If you live with cats, then you’ve surely watched as they sit hunched over, coughing or retching, before finally hacking up a hairball. But hairballs are not the only reason your cat may be showing these symptoms. If the coughing happens several times a week and there’s no sign of a hairball, your cat may be suffering from feline asthma. Since this condition can be serious if left untreated, it’s important to pay attention and take your cat to a veterinarian when in doubt.
According to the Cornell University College of Veterinary Medicine (CUCVM), while there is some debate as to the definition of feline asthma, veterinarians and researchers agree that the disease is caused by “an allergic reaction to inhaled allergens, particles that stimulate a cat’s immune system.” It’s estimated that feline asthma affects between 1% and 5% of cats. Researchers at CUCVM say it doesn’t appear that one sex is more susceptible to the disease, and while some studies suggest that Siamese cats may be predisposed to asthma, this has not been definitely proven.
As with human asthma, cats may seem perfectly normal between episodes. Veterinarians say that currently, there’s no way to tell when an attack may happen, but when they do, many cats hunch their bodies close to the ground and extend their necks forward. Other symptoms include:
- Coughing or hacking
- Difficulty breathing
- Rapid breathing
Feline asthma attacks may range from mild, with a coughing fit resolving on its own, to more severe restrictions that progress to panting and even death in rare cases, according to the Animal Health Foundation (AHF).
There’s no single test that can diagnose feline asthma. Veterinary specialists say it can be difficult to diagnose because several other diseases present similar symptoms. These include heartworm disease, congestive heart failure, lung cancer, and pneumonia. Veterinarians have to rely on information gathering and testing to diagnose asthma. They take into account a cat’s overall health history as well as the results of chest X-rays or ultrasound, bronchoscopy to see inside a cat’s lungs, and microscopic evaluation of the cells in the cat’s airway secretions. In some cases, veterinarians may do blood and allergy testing.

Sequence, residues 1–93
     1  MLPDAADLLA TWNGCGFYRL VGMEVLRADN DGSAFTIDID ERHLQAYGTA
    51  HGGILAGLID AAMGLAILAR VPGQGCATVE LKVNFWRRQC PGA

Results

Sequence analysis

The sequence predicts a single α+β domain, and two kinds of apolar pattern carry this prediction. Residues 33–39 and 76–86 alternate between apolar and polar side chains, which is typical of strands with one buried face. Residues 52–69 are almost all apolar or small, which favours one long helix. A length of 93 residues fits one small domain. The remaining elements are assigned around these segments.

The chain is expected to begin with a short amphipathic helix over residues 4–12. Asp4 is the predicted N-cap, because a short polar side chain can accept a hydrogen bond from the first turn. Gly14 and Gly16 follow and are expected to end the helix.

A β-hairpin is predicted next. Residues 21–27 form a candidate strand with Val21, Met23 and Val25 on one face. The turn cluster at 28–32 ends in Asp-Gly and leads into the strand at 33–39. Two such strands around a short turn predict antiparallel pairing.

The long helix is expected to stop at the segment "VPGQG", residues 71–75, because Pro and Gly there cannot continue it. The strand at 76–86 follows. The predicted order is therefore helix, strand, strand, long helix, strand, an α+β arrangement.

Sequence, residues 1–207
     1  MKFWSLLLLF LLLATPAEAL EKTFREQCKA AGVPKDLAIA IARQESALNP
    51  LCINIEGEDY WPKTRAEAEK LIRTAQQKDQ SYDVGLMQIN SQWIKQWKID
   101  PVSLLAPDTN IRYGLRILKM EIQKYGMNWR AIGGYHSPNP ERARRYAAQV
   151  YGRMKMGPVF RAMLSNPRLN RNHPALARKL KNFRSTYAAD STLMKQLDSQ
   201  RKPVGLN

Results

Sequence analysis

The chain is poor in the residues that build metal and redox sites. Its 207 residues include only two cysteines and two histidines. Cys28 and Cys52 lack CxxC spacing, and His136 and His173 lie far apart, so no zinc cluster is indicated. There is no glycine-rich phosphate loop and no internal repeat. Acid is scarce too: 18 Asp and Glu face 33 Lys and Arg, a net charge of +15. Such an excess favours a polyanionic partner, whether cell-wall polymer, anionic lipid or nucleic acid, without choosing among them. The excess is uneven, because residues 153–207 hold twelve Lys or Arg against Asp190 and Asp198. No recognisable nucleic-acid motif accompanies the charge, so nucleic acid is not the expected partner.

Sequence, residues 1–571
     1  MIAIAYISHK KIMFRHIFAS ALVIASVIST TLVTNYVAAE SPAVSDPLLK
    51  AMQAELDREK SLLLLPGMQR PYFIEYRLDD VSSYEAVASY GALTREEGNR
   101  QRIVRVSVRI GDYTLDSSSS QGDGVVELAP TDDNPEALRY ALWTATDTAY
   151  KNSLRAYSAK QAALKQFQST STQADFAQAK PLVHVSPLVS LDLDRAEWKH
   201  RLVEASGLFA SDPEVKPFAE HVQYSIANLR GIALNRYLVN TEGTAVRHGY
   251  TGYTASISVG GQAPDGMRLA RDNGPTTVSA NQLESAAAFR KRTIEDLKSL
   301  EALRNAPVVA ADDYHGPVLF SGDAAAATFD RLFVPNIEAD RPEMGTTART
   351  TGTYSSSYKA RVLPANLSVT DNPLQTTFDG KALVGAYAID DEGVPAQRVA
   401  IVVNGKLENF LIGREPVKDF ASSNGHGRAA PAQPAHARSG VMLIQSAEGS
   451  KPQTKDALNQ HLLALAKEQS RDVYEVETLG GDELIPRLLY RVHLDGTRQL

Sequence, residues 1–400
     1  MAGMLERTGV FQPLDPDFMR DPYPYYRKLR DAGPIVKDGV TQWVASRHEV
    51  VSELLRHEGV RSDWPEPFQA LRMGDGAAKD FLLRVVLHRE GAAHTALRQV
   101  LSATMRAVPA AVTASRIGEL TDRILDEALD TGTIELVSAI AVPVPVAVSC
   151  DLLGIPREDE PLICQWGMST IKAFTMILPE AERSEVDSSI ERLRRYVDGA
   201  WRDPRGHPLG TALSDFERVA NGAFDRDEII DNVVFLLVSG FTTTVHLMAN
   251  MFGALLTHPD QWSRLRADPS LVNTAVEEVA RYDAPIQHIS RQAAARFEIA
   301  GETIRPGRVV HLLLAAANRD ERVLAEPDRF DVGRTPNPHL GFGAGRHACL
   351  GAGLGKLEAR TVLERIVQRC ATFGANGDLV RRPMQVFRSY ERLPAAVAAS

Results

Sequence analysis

According to CUCVM experts in cats with asthma, “radiographs often — but not always — reveal a characteristic bright branching pattern along the airways that is created by the accumulation of inflammatory cells. Air trapped in the constricted airways may also cause the lungs to become overinflated and appear larger than normal in a radiograph.” A bronchoscopy may help in the diagnosis because the airways of cats with asthma may show a high number of inflammatory cells. However, since this result may also be found in cats suffering from other diseases, the overall health picture needs to be considered.
When diagnosing feline asthma, it’s essential for veterinarians to rule out other diseases, say experts at CUCVM. Drugs used to treat diseases with similar symptoms may not be appropriate for a cat with asthma and may even cause more harm than good.
While there’s no cure for feline asthma, it can be effectively treated with medications. Corticosteroids are the most effective drugs for treating the condition because they reduce the inflammation in the windpipe and bronchi, according to AHF specialists. Bronchodilators are also used in some cases because they help open up the air passages to make breathing easier. Both medications can be given via injection, orally, or through an inhaler.
Researchers at CUCVM say that experimental therapies, such as “desensitization to specific allergens (like allergy shots in people), the use of omega-3 fatty acids, and drugs intended to disrupt the metabolic pathways that lead to inflammation” present some promise in the treatment of feline asthma, but further research is needed.
While you may not be able to completely prevent your cat from getting asthma attacks, there may be some preventive measures you can take, like keeping your cat’s environment free of dust and smoke, including cigarette smoke. Also, use dust-free cat litter and avoid using sprays, including insecticides, in your home or around your cat.
While it’s true that cats can never be cured of asthma, the good news is that it can usually be controlled. If you pay close attention to your cat’s symptoms and know when you need to help out with medication, you and your feline friend can share many happy years.
- Why is my dog whining? 6 common reasons and what you can do to stop it
- How cold is too cold for dogs? What you should know
- Is your old dog shaking? 1 of these 7 problems may be the cause
- Can cats have autism? Here’s what to know about unusual behavior in cats
- Is incense bad for cats? 4 important things to consider before using it in your home